When Sue Smith met Nkosi Reigns, the only plan was to help his trainer list him on the CANTER Pennsylvania site. More than six years later, “Nkosi” is still part of her family.
A veteran campaigner with 19 wins in 87 starts, Nkosi Reigns had literally crisscrossed the globe in his life. The winner of the Grade 3 Spend a Buck Handicap in 2006, the gelding then went to Dubai for the 2007 winter carnival where he made two starts.
Upon his return to the United States, he continued to race until 2012 when Smith was contacted by his owner Bob Derr to help put up his listing when it was time for the gelding to retire.
“Initially, I planned to meet Nkosi and prepare his online trainer listing for our website by taking pics and videos. Bob and I decided that we would wait to advertise him once his retirement was finalized,” Smith said. “I was really excited; Nkosi was one of the oldest horses CANTER PA ever listed, and also one of the highest earners, so it was an honor to play a role in his retirement. Unfortunately, my enthusiasm dwindled upon meeting him; he's always been a big, impressive horse, but personality wise, he borders on crotchety old-man status.”
Nkosi was one of only a handful of horses who wouldn’t let Smith get his height measurement, even when she had multiple grooms trying to help. With his temperament, it was decided he would be better suited to go to an experienced rider and the rest is history.
“I really wasn't looking for another horse, but I also couldn't find the right situation for him and CANTER PA doesn't have the funding for an intake program,” Smith said. “After Bob and I connected and I knew his retirement was pending, I followed Nkosi’s career closely, regularly stopping by his stall or hanging out at the racetrack on nights he ran. I’d say I was a little bit of a groupie. He may have been running at the bottom, but his career was still solid and he raced consistently for another six months. Bob stayed in touch and even invited me into the winner’s circle for what would be Nkosi's last win pics.”
Perhaps even more difficult to handle than his temperament right of the track is how to say his name. Bred by Christine Janks of Carson Springs Farm, whose passion for African wildlife and culture led to his name, Smith says many people struggle to get it correct with even Smith never hearing anyone saying the actual word.
“Christine’s passion for Africa wildlife and culture inspired his Jockey Club name, which is South African tribal for ‘The King Reigns,’ ”Smith explained. “To make it more complicated, the proper pronunciation of his name is en-KOZ-ee, which I have yet to hear anyone utter out loud, so he goes by the butchered American version, N-ko-si. We spent a few months trying to come up with a simpler barn name for him, but there's something about this horse that makes you feel like any name less than a royal one is disrespectful. Around the barn he does have the nickname of Coach, as we're quite confident if he was human, he would be a drill sergeant or an overzealous football coach who berates his players with embarrassing pet names.”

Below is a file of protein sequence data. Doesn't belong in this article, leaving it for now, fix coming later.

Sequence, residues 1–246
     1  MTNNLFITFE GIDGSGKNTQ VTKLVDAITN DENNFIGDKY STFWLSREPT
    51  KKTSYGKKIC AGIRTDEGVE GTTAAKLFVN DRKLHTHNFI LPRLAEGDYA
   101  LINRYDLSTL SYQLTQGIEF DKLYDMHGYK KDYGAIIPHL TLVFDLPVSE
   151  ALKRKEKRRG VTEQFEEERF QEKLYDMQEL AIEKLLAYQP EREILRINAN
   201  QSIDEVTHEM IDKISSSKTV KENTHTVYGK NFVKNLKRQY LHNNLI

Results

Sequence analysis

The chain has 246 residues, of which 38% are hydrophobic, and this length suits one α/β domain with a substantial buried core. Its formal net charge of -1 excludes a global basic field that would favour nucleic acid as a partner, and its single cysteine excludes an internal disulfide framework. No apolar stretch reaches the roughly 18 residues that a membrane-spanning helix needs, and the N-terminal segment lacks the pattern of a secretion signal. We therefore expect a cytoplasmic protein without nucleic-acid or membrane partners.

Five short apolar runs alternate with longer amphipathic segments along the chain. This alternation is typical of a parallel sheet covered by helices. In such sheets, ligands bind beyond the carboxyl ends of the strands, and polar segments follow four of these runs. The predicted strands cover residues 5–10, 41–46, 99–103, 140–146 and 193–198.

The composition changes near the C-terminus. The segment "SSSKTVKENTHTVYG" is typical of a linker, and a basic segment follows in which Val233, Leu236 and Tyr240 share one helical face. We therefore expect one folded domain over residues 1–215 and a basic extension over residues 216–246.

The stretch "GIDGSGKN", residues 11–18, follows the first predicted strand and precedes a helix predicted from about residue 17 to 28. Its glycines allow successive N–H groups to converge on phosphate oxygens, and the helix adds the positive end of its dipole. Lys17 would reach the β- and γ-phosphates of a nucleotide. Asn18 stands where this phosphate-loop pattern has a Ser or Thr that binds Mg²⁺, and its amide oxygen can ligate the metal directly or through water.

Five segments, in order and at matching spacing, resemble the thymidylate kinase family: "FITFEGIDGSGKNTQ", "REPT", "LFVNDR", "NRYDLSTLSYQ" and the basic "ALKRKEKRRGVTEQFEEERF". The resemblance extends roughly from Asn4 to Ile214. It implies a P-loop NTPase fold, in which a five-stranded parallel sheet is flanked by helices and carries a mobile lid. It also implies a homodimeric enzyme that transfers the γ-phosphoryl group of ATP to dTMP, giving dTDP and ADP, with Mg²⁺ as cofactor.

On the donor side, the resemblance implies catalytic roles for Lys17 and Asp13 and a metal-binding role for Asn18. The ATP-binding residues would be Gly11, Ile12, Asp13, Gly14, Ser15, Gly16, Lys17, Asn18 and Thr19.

Taking part mostly in dressage, Nkosi refuses to enjoy time off with his favorite hobby during breaks torturing his pasture-mates. Because of this, Smith tries to keep him in work as much as possible with the horse thriving on the program.
Smith believes his work ethic is what helped get him the warhorse label — a horse who makes 50 starts or more.
“Generally speaking, to reach warhorse status not only does the horse have to be athletic but they have to enjoy their job or they would simply stop trying,” she said. “These horses are often seasoned travelers and have been exposed to all types of environments, accumulating miles in and out of the tack, all of which are great assets in their second careers. They may need a little time and TLC, but these horses are elite athletes.”
But while he is a great workhorse, Smith says his one downfall is veterinary visits.
“Nkosi is a class act 95 percent of the time, but if I'm being honest, his biggest challenge remains cooperating with the vet. We’re lucky to have such a patient and athletic vet team. I’ll spare you the gory details, but let's just say, vet calls rarely produce ‘proud mom’ moments,” she said.
One “proud mom” moment she did have however, was just a year after Nkosi came off the track and went to the famed Dressage at Devon show.
“The year after he retired, we competed at Dressage at Devon in the Thoroughbred division, which was open to non-breeding stock,” she said. “The environment was a bit much for him, but he tried and I had never competed at that venue, so it's a memory I'll hold on to for a long time.”
As for what she loves about OTTBs (off-track Thoroughbreds) and why she would recommend them, she credits the training they get on the track and how versatile they are.
“What's not to love! As far as the breed, I am always impressed at how versatile and willing these horses are,” Smith said. “There’s nothing Thoroughbreds can’t do, from traditional English sports to barrel racing, working ranch and even carriage driving. As far as OTTBs, I really value the fact they were professionally started and kept in consistent work; they may not know the specifics of your chosen sport, but they have a solid foundation to build upon.”
While Smith never expected Nkosi Reigns would become her horse, it seems he was just what she needed.
“My father had passed away the morning Bob called me to tell me Nkosi was retiring. In many ways, Nkosi is a lot like my father — hard-working, honest, but very strong-willed, and the type who can’t be forced to do anything he doesn’t want to do. I guess in that moment it only seemed right that Nkosi would help me start a new chapter in my life.”